Nonsurgical Management

The concept of the "box" formed about the head of the proximal phalanx by the volar plate and the accessory and true collateral ligaments of the PIP joint is useful when considering the pathoanatomy of dislocations of this joint. Lateral dislocations may occur after injury to the volar plate and at least one collateral ligament. Both collateral ligaments may also be ruptured.

Biomechanical studies of the constraints about the PIP joint have demonstrated that the collateral ligaments may fail at any point along their course, including an avulsion fracture from the phalanges. The location of ligament failure is dependent on the rate at which the lateral stress is applied. Failure of the proximal portion of the ligament is most common. After reduction and while under digital block anesthesia, the degree of injury to the collateral ligaments may be assessed by the extent to which the joint opens upon the application of lateral stress. Opening over 20 degrees is associated with a 100% chance of complete failure of the collateral ligament, whereas opening less than 20 degrees is associated with only a 53% chance of complete rupture. Although this information is not useful in cases of documented dislocation, it may become useful in those instances in which the patient reports an injury to the PIP joint that he or she has self-reduced.

An intact lateral band will extend the PIP joint, and may mask an injury to the central slip. Therefore, it is important to isolate the central slip when testing for injuries to the extensor mechanism to whatever extent possible. Flexion of the MP joint places the lateral bands at a mechanical disadvantage, allowing preferential assessment ofthe integrity ofthe central tendon insertion. Missed injuries ofthe central slip insertion may result in a boutonniere deformity, which is potentially one of the major pitfalls in the management of injuries to the PIP joint.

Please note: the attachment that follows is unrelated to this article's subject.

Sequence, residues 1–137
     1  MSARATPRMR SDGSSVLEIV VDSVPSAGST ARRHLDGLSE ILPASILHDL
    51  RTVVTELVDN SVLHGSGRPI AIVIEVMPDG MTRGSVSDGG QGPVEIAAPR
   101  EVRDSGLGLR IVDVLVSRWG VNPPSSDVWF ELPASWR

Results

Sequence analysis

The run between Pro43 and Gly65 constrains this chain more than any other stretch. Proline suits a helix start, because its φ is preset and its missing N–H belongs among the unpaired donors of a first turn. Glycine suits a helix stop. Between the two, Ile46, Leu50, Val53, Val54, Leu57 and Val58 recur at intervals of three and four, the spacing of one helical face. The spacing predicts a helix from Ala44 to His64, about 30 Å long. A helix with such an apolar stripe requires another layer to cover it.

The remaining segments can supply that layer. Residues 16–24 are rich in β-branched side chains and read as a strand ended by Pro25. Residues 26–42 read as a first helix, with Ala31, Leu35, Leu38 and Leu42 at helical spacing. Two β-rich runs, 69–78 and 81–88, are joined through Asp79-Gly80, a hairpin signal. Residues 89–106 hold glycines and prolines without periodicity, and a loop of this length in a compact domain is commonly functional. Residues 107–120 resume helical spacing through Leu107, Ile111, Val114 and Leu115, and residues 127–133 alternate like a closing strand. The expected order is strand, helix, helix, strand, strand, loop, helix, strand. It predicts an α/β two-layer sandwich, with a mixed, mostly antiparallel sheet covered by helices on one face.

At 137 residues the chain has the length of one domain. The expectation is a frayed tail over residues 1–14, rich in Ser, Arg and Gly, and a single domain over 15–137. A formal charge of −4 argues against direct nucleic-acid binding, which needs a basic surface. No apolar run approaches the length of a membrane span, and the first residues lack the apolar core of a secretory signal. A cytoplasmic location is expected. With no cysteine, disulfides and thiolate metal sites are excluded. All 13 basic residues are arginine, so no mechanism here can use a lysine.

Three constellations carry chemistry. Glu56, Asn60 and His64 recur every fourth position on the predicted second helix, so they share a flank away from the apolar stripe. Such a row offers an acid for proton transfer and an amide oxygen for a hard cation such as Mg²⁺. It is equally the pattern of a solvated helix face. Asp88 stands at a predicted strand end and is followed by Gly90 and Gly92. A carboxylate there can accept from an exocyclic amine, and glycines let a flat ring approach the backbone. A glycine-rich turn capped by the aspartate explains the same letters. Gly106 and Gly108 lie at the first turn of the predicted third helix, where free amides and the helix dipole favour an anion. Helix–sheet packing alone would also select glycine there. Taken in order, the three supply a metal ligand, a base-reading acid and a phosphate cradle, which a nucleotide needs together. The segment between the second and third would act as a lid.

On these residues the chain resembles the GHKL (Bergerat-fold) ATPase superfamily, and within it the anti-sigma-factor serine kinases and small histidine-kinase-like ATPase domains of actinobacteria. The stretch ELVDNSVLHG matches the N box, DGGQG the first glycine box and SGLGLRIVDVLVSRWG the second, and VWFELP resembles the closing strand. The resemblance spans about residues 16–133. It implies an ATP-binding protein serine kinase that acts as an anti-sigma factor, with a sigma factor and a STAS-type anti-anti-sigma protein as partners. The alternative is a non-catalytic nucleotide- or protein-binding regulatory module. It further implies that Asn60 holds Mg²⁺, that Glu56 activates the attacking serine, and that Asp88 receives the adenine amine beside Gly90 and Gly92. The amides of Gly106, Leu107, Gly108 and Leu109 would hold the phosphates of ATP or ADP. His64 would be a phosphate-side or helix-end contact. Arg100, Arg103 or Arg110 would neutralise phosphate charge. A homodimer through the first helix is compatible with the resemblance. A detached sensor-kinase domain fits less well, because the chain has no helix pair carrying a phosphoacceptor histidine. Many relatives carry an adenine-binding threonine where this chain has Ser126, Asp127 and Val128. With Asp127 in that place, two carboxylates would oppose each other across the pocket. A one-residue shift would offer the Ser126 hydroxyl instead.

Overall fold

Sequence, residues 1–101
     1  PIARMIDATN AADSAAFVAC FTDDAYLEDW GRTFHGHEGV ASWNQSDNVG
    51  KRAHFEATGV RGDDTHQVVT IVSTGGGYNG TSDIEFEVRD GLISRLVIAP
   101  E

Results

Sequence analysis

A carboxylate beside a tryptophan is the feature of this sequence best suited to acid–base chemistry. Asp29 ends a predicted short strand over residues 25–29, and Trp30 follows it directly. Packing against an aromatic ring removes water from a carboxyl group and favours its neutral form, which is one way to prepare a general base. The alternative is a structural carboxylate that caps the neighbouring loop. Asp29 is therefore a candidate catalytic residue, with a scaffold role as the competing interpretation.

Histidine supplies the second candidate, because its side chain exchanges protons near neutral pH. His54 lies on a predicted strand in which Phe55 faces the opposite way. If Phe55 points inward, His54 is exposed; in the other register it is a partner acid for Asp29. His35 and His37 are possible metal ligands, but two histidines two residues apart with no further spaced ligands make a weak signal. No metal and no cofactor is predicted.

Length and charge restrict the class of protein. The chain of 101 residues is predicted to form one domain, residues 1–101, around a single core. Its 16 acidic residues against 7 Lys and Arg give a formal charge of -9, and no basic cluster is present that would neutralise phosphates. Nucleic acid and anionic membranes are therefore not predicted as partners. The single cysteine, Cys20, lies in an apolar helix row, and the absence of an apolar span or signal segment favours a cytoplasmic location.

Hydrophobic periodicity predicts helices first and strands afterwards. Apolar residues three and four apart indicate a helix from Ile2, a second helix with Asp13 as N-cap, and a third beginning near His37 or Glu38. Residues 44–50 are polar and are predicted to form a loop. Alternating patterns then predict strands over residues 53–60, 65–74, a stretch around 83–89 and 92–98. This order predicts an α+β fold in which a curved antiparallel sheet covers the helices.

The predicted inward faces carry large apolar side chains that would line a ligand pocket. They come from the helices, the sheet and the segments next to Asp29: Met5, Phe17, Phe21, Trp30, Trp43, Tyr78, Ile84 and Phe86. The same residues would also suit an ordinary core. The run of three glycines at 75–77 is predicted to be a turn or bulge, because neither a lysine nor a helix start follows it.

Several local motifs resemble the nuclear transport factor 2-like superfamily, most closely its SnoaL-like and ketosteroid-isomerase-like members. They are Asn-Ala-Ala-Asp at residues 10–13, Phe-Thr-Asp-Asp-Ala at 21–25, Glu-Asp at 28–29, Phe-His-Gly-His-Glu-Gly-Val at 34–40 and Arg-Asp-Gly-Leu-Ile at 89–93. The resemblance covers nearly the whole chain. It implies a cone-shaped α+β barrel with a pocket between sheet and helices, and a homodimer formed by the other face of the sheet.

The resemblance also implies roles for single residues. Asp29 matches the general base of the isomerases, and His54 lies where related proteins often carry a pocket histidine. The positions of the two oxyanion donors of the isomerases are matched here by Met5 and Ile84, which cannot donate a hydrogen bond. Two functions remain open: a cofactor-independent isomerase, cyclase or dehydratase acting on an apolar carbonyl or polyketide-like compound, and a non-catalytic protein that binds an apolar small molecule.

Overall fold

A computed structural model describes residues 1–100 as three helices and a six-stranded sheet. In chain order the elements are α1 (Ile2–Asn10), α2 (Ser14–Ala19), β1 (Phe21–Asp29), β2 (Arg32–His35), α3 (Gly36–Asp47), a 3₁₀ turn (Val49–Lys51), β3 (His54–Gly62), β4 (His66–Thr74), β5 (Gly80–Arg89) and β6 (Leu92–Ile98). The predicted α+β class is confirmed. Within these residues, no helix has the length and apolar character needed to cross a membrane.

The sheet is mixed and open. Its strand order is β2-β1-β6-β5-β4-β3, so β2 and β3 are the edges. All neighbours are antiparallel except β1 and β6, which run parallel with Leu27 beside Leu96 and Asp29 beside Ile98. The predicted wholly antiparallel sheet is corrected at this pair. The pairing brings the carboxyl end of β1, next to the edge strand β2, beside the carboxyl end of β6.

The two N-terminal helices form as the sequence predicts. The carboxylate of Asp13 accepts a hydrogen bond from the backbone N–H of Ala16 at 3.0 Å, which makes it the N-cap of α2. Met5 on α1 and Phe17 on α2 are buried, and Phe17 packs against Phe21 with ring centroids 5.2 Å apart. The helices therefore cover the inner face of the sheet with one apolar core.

Due to the bony architecture of the PIP joint, concentric reduction usually provides sufficient stability to allow for early motion within the limits of reasonable comfort. The arc through which the joint is stable should be assessed at the time of injury to avoid subluxation or redislocation. This is best done when the joint is anesthetized, preferably with a digital block.

Those factors that need to be considered in selecting the optimal position ofjoint immobilization include the volar plate, the collateral ligaments, and the extensor mechanism. In lateral dislocations the volar plate is generally avulsed from the base of the middle phalanx, so splinting in 20 to 30 degrees of flexion would seem prudent to avoid laxity and subsequent hyperextension. Minamikawa et al have demonstrated that the intact PIP joint is most resistant to lateral stress in full extension. This implies that the collateral ligaments are most taut in full extension. Immobilization in slight flexion, therefore, would allow the ligaments to begin healing in a slightly shorter position, possibly avoiding the development of laxity. However, if injury to the extensor mechanism is suspected, the joint should be splinted in full extension to avoid the complication of a boutonniere deformity. Regardless of the position of immobilization, motion should be instituted as early as possible. The common complication of injuries to the PIP joint is stiffness, not laxity. Volar plate and collateral ligament injuries can be mobilized as soon as the patient is comfortable, providing the joint is stable. Central tendon injuries should be protected longer, for about 3 weeks, and then mobilized, protecting the extensor mechanism with a dynamic extension splint.

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